Azerbaijan says Armenia’s plan to hold int’l conference in Nagorno-Karabakh is another provocation

Azerbaijan says Armenia’s plan to hold int’l conference in Nagorno-Karabakh is another provocation
  • Clock-gray 15:20
  • calendar-gray 27 April 2017

Armenia’s plan to hold an international conference in the occupied territories of Azerbaijan is another provocation, said Azerbaijan’s Foreign Ministry spokesman Hikmat Hajiyev, APA reported.


"According to information available to us, Armenia is planning to hold the 8th international conference, entitled “Modern aspects of rehabilitation in medicine”, in Yerevan and in the Armenian-occupied territories of Azerbaijan on 13-15 September 2017. Medical experts from Russia, the Czech Republic, Tajikistan, Germany, Kazakhstan, Uzbekistan and Georgia have been invited to the conference,” said the spokesman.


He noted that Armenia’s purpose is not to discuss modern aspects of medical rehabilitation. “Rather, Armenia is attempting to carry out a political provocation. By this means, Armenia is seeking to promote the illegal regime and manipulate the invited persons as political tools,” said Hajiyev.  


Hajiyev called on foreigners invited to the conference not to succumb to this lie of Armenia and become a propaganda tool in the hands of Yerevan and to avoid illegal visits to the occupied Azerbaijani territories.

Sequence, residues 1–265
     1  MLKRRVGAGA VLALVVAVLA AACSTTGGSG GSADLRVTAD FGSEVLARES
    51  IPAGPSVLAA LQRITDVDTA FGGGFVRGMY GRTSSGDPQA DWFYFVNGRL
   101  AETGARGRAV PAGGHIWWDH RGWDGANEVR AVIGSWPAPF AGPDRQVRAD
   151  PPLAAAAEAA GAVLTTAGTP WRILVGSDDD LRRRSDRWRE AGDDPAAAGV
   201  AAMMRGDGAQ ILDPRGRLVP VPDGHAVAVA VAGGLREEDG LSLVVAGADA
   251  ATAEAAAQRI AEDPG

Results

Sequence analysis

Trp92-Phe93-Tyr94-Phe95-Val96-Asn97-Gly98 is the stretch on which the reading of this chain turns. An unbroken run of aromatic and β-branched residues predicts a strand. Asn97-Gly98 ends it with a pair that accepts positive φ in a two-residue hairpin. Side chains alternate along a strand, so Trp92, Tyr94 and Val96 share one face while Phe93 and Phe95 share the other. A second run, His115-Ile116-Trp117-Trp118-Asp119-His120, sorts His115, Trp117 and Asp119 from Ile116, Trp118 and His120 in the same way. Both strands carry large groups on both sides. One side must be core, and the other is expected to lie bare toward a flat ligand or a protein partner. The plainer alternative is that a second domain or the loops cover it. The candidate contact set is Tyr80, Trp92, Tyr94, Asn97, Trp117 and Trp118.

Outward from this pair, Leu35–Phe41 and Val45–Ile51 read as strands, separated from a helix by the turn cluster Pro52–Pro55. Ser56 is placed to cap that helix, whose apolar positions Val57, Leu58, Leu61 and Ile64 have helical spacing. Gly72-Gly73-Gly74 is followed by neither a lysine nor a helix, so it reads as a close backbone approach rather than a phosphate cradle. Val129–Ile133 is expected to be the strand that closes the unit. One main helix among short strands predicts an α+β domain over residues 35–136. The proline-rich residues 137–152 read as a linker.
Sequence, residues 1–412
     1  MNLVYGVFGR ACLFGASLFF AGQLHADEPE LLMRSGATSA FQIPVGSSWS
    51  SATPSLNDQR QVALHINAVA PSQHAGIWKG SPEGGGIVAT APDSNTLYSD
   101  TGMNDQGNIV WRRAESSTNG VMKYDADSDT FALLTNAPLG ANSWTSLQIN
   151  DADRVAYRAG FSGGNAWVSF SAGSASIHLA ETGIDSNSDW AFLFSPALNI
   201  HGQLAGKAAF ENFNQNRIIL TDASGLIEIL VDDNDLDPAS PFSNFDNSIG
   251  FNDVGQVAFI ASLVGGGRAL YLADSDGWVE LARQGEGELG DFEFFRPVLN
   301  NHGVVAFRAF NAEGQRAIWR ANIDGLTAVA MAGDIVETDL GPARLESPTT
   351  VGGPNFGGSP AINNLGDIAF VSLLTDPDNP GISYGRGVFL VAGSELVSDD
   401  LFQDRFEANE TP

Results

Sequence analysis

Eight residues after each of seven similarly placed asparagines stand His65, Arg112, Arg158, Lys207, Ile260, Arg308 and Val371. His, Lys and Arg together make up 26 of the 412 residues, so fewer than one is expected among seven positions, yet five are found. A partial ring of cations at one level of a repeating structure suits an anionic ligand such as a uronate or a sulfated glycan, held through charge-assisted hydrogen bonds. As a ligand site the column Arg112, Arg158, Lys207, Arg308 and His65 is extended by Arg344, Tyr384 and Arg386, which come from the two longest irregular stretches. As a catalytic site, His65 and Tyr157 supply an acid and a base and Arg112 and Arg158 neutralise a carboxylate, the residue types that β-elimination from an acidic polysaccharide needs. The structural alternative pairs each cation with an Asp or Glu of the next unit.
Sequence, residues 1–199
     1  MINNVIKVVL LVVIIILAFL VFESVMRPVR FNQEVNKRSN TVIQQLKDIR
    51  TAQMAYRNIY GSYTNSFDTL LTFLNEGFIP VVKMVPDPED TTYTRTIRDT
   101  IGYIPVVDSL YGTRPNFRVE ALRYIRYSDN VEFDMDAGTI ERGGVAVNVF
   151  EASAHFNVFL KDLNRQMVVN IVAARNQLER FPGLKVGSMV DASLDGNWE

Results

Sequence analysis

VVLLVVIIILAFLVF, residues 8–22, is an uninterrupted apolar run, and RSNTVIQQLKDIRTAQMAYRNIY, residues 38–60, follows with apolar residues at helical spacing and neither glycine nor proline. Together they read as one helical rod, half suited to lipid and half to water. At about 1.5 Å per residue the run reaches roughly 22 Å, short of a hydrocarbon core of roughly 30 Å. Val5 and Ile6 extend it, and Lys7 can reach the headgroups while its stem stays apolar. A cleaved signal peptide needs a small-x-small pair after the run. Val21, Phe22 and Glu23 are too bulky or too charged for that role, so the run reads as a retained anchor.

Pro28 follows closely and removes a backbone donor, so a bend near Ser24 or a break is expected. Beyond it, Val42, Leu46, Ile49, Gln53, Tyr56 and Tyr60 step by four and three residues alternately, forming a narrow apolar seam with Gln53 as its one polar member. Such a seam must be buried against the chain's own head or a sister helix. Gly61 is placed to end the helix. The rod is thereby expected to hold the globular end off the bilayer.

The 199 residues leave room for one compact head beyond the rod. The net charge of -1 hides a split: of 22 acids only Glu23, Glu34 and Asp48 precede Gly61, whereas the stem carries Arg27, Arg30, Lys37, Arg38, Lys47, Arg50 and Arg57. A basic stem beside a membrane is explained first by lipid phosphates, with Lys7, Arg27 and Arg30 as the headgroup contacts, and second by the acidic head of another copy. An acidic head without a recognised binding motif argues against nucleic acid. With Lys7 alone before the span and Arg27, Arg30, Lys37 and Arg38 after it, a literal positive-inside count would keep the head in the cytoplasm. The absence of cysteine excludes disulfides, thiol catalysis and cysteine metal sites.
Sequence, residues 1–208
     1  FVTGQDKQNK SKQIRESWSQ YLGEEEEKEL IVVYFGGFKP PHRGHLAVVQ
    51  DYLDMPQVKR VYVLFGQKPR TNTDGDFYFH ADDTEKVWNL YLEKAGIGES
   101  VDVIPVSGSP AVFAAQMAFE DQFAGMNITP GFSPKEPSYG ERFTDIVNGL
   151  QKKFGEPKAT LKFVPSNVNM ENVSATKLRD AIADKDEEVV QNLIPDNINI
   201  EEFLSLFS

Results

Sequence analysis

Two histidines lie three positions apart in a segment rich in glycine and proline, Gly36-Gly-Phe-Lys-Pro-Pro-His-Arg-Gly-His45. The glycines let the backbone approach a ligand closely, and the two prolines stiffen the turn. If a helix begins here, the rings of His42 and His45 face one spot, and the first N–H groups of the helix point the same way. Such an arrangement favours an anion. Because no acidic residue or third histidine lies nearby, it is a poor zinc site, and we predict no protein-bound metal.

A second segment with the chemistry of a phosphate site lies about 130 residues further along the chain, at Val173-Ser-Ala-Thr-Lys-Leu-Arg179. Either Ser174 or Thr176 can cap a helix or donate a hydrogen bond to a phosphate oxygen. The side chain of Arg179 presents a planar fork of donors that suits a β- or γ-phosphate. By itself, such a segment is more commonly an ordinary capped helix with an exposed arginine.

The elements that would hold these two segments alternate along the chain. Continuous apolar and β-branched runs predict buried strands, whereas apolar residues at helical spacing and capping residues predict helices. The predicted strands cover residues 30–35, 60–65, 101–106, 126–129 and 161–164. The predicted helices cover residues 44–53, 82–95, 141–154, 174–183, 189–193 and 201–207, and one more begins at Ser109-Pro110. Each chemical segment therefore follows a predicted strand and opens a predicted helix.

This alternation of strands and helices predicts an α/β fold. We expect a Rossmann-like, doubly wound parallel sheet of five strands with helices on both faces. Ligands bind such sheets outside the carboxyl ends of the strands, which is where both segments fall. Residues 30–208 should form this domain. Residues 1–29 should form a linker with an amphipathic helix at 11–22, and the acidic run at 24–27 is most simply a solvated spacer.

“Such visits are a violation of the territorial integrity, sovereignty and laws of Azerbaijan. It should be noted that those who make illegal visits to the occupied Azerbaijani territories are brought to legal responsibility,” he added.


Azerbaijan’s Foreign Ministry urged world countries to take measures to prevent participation of their citizens in another Armenian provocation – an international conference, which Armenia plans to hold in Yerevan and in the occupied Azerbaijani territories, noted Hajiyev.


The Nagorno-Karabakh conflict entered its modern phase when the Armenian SRR made territorial claims against the Azerbaijani SSR in 1988.


A fierce war broke out between Azerbaijan and Armenia over the Nagorno-Karabakh region of Azerbaijan. As a result of the war, Armenian armed forces occupied some 20 percent of Azerbaijani territory which includes Nagorno-Karabakh and seven adjacent districts (Lachin, Kalbajar, Aghdam, Fuzuli, Jabrayil, Gubadli and Zangilan), and over a million Azerbaijanis became refugees and internally displaced people.


The military operations finally came to an end when Azerbaijan and Armenia signed a ceasefire agreement in Bishkek in 1994.


Dealing with the settlement of the Nagorno-Karabakh conflict is the OSCE Minsk Group, which was created after the meeting of the CSCE (OSCE after the Budapest summit held in December 1994) Ministerial Council in Helsinki on 24 March 1992. The Group’s members include Azerbaijan, Armenia, Russia, the United States, France, Italy, Germany, Turkey, Belarus, Finland and Sweden.


Besides, the OSCE Minsk Group has a co-chairmanship institution, comprised of Russian, the US and French co-chairs, which began operating in 1996.  


Resolutions 822, 853, 874 and 884 of the UN Security Council, which were passed in short intervals in 1993, and other resolutions adopted by the UN General Assembly, PACE, OSCE, OIC, and other organizations require Armenia to unconditionally withdraw its troops from Nagorno-Karabakh.





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